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    New treatments developed for inherited retinal diseases

    At least 40 new treatments for inherited retinal diseases are being developed, but only two are currently commercially available, according to the authors of a new review.

    “Most of the health technologies identified are still at an early stage of development and it is difficult to estimate when treatments might be available,” write Joanna Smith of the NIHR Horizon Scanning Centre at the University of Birmingham in Birmingham, United Kingdom, and her colleagues from two other UK centres.

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    The authors scanned medical databases, and spoke to patients, clinical experts and commercial developers to identify those technologies on the horizon. They published their findings on 26 June in the journal Eye.

    New treatments could help a lot of people in the United Kingdom, according to the authors. There are more than 100 inherited retinal diseases, all of them incurable. In England and Wales they are the leading cause of visual impairment registration in the working-age population, the authors report. Healthcare providers currently manage the diseases with genetic counselling and education. They try to improve the patients’ residual vision with low vision aides, computer software, orientation and mobility training. Some people in the United Kingdom, however, don’t have access to these services, Dr Smith and her colleagues found.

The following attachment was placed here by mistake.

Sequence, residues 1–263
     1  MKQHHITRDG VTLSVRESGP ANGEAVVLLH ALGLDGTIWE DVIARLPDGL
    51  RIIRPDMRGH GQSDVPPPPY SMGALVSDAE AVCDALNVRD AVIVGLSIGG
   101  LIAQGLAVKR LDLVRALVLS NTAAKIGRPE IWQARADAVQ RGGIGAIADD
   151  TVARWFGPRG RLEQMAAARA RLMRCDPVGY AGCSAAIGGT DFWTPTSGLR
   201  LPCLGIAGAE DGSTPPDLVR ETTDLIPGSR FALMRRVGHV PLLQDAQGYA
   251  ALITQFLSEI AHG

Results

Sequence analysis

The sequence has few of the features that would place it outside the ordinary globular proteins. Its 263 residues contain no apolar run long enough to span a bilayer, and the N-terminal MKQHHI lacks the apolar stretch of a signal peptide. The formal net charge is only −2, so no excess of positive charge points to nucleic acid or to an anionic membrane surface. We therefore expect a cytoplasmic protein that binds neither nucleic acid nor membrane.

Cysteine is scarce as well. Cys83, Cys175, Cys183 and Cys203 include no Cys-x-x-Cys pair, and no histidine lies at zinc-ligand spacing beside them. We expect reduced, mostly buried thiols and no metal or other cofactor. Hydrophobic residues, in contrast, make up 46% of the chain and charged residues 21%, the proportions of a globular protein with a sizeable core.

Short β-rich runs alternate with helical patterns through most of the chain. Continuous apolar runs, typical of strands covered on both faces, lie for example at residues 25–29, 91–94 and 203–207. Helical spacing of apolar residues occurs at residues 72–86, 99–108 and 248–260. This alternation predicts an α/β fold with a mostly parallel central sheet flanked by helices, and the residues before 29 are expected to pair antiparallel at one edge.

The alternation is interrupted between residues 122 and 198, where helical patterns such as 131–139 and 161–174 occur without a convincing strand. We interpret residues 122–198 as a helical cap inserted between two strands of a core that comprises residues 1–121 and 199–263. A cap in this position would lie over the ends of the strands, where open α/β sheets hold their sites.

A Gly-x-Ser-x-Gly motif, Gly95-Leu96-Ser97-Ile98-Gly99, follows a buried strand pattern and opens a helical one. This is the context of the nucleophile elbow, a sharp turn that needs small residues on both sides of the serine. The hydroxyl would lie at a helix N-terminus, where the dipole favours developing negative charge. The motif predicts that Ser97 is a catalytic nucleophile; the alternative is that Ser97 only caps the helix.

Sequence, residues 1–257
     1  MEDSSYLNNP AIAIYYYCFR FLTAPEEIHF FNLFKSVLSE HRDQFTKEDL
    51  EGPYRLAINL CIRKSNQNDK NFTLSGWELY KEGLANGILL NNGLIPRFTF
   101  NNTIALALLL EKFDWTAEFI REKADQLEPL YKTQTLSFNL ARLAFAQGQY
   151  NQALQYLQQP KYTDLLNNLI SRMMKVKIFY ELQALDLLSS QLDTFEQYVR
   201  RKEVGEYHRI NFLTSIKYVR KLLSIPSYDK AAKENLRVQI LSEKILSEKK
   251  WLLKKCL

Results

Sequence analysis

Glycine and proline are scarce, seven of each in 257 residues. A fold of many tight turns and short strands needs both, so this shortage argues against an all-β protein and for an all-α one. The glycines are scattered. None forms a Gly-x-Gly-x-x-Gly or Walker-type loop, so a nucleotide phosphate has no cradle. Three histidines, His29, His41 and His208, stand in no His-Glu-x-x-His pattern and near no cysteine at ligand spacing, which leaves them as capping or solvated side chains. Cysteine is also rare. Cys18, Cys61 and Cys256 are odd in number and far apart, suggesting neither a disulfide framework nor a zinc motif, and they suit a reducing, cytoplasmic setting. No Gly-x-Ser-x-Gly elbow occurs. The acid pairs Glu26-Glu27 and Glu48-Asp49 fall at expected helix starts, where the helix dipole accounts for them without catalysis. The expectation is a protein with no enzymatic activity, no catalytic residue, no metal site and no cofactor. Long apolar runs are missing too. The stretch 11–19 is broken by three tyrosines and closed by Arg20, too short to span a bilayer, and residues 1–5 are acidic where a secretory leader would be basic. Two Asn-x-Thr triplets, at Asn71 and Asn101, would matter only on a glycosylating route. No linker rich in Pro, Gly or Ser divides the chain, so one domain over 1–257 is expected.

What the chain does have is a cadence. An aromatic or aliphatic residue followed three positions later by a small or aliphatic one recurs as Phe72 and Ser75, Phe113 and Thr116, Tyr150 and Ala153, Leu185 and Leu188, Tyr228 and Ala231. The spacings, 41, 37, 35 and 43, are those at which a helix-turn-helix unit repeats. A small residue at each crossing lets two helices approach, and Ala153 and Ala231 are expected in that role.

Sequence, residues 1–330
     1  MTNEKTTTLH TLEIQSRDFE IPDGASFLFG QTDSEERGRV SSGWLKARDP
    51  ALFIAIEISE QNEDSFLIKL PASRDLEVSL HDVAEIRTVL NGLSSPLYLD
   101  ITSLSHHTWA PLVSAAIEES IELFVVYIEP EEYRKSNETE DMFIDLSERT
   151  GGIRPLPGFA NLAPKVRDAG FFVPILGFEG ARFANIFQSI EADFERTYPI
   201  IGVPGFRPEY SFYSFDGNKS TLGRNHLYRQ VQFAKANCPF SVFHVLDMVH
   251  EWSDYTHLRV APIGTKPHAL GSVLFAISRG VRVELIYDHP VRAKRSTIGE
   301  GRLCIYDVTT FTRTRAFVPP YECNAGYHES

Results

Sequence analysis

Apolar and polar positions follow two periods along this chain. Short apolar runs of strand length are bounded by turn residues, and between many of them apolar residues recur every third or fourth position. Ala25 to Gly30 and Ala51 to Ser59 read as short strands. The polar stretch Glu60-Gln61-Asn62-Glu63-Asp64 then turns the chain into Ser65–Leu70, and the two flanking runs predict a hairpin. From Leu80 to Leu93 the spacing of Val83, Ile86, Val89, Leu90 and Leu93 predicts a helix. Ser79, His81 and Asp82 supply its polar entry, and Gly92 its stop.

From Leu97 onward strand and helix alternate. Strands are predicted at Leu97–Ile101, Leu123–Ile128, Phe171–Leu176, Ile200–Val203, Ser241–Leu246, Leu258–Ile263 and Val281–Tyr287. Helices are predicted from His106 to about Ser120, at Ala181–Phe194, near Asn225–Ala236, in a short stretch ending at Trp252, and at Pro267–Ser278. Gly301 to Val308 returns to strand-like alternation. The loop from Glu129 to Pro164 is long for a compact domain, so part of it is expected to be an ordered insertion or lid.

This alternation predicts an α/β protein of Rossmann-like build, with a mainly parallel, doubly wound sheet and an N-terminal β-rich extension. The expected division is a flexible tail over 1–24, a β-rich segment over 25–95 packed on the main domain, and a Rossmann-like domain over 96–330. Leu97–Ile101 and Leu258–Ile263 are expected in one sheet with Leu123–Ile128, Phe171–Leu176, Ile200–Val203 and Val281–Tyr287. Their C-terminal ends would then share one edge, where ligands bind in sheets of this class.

The researchers counted 29 new technologies whose developers claim to have the potential to slow or stop the diseases in the relatively near term, and another 11 relevant technologies in earlier phases of development. Of these, the ARGUS II and the Alpha IMS are commercially available and CE marked.

    Next: Breaking down the new technologies


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